What are the reasons for changing engine oil in a car? How often should you change oil? What are the processes in changing engine oil?

Car maintenance: Facts about changing engine oil

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There is more to owning an automotive vehicle than driving and refueling. Seasoned car owners know for a fact that to extend the lifespan of their vehicles, they need to perform regular upkeeps. Changing engine oil is one of the primary basics of car maintenance.

Oil generally allows metal parts in an engine to move and press against each other without damage. Remember that metal-to-metal movement causes friction. Without oil, this friction will generate too much heat that can overheat the entire engine or cause metal parts to weld themselves together. Friction also leads to wear and tear. Engine oil essentially works as a lubricant.

Why change oil: Reasons for changing engine oil

Take note that oil in the engine accumulates dirt over time. This dirt further clogs the built-in filter system used for separating particulate matter from oil.

Dirty oil will eventually bypass the filtering system and will further seep into the metal parts of the engine. Because dirty oil is denser and less viscous, it damages these metal parts due to abrasion and reduced lubrication.

Engine oil also gets less efficient and unusable over time. This is because the quality of additives such as detergents, dispersants, anti-rust substances, and friction reducers gradually degrade. Unchanged and overworked oil becomes counterproductive to the operation of an engine nonetheless.

When to change oil: Schedule for changing engine oil

As part of processes involved in regular car maintenance, it is very important to note when an oil change should take place. Of course, it is impractical to draw the oil out of the engine just to check if it remains usable.

The best way to determine oil change is to base it from mileage. Traditional recommendation claims that engine oil should be changed for changed for every 3000 miles to 5000 miles of driving mileage. This is applicable for vehicles that are regularly used in severe conditions such as long driving.

In some extremities, others recommend an oil change of every 1000 miles. However, too frequent oil change is impractical due to its monetary cost and environmental impact. Newer vehicles require less frequent oil change due to their latest engine technology. Developments in oil chemistry have also reduced this frequency.

A driving mileage of every 10000 miles is a general recommended for vehicles subjected under regular moderate driving conditions such a s short driving and city driving. In addition, manufacturers and newer vehicles have recommended mileage of 7500 miles to 10000 regardless of driving condition.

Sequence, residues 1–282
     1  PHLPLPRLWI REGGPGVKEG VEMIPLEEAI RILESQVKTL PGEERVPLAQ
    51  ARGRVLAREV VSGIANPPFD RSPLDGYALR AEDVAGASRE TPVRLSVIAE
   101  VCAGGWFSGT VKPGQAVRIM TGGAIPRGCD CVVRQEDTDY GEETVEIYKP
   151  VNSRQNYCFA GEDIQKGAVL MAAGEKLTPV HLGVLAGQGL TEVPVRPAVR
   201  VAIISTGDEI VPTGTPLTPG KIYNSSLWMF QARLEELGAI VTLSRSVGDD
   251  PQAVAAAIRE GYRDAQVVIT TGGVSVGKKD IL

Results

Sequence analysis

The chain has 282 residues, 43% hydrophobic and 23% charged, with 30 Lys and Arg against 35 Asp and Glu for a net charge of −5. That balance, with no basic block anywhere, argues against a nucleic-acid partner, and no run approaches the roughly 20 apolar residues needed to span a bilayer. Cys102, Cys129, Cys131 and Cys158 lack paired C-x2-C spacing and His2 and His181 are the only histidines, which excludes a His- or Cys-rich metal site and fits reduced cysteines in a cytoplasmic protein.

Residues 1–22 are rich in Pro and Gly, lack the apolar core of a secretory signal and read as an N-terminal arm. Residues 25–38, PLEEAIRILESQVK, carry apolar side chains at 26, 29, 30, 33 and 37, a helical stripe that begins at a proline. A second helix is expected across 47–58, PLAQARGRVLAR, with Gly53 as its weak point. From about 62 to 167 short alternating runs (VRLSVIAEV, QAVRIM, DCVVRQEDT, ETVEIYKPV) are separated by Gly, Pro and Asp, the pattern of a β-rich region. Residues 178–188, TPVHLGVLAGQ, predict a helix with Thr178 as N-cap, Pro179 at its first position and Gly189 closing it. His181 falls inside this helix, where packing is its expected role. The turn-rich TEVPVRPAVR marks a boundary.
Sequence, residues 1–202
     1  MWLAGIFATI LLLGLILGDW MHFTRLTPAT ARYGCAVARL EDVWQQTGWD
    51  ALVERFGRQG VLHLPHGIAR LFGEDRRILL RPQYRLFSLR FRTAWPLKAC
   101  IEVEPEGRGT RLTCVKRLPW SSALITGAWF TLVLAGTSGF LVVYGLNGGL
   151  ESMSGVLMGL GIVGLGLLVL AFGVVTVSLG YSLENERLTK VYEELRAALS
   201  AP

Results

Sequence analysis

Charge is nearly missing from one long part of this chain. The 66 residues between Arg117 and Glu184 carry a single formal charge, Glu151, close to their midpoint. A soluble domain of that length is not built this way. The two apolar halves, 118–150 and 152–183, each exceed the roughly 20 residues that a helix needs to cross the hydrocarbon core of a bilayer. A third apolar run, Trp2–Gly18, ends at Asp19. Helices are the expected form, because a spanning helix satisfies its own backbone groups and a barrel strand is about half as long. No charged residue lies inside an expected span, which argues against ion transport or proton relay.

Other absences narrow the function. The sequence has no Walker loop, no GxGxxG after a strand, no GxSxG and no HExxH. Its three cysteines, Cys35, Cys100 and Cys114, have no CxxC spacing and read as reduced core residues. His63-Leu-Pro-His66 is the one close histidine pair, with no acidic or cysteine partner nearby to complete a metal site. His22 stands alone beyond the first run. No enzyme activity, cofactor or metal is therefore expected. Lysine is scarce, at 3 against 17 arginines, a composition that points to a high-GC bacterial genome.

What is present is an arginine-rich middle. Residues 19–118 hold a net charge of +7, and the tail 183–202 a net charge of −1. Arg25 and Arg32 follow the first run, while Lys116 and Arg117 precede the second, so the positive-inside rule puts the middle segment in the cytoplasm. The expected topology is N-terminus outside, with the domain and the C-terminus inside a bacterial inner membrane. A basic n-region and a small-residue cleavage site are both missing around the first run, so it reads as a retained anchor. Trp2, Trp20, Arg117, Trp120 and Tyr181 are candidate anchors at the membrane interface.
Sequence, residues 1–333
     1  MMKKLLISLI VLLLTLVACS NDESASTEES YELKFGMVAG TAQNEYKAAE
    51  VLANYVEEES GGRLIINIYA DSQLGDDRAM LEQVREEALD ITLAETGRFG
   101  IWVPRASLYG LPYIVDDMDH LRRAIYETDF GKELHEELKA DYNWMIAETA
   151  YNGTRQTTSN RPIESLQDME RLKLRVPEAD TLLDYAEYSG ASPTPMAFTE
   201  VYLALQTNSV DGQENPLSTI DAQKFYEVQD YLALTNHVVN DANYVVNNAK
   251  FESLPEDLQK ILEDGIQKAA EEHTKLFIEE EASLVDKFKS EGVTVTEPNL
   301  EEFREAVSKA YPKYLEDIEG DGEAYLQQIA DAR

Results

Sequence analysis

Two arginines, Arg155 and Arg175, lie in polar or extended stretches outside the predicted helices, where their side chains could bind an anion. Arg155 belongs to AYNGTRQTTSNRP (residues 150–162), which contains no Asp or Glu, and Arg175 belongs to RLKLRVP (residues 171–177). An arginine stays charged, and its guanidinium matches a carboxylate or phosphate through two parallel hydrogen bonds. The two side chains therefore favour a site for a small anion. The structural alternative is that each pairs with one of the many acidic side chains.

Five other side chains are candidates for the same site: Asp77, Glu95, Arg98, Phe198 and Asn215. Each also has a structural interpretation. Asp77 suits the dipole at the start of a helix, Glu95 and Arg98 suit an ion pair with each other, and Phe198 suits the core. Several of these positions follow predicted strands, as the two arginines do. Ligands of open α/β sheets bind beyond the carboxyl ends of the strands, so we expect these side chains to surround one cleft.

Periodical oil change of five to six months can also be used as a determinant aside from mileage. Note that this applies to vehicles used for regular moderate driving conditions. A period of every four months is the recommended indicator for changing engine oil for vehicles regularly used under severe conditions.

Remember that not all engines and vehicles are built the same. Automakers have different ways of designing and engineering their products. This is why it is very important to consult the manual that comes with the vehicle or an experienced mechanic for oil change recommendations that are appropriate to a particular engine or vehicle.

How to change oil: Processes in changing engine oil

Oil change is relatively easy to perform because the processes are almost universal across different vehicles. Take note of the following steps in changing engine oil:

Step 1: Look under the car for the drain plus. Remove this plug using a wrench and let the oil drain in a container or a catch basin.

Step 2: Draining the oil from the engine should be accompanied by draining the oil filter or changing it entirely.

Step 3 Screw back the drain plug and put the drained or new filter back in its place. Pour in the new engine oil into the filler hole. Note that filling should be gradual to allow the oil to run down effectively.

Step 4: Use an oil dipstick to check if the amount of oil poured down has reached the recommended level. Once it does, run the engine for 30 to 60 seconds and recheck the oil level.

Step 5: The level usually goes down as oil further seeps through the engine. Continue the process of checking, running the engine, and rechecking until the oil level becomes consistent with the recommendation.

Step 6: Used oil should be disposed properly. . This substance is a pollutant and can contaminate the environment. Proper disposal means consulting with a nearby recycling center.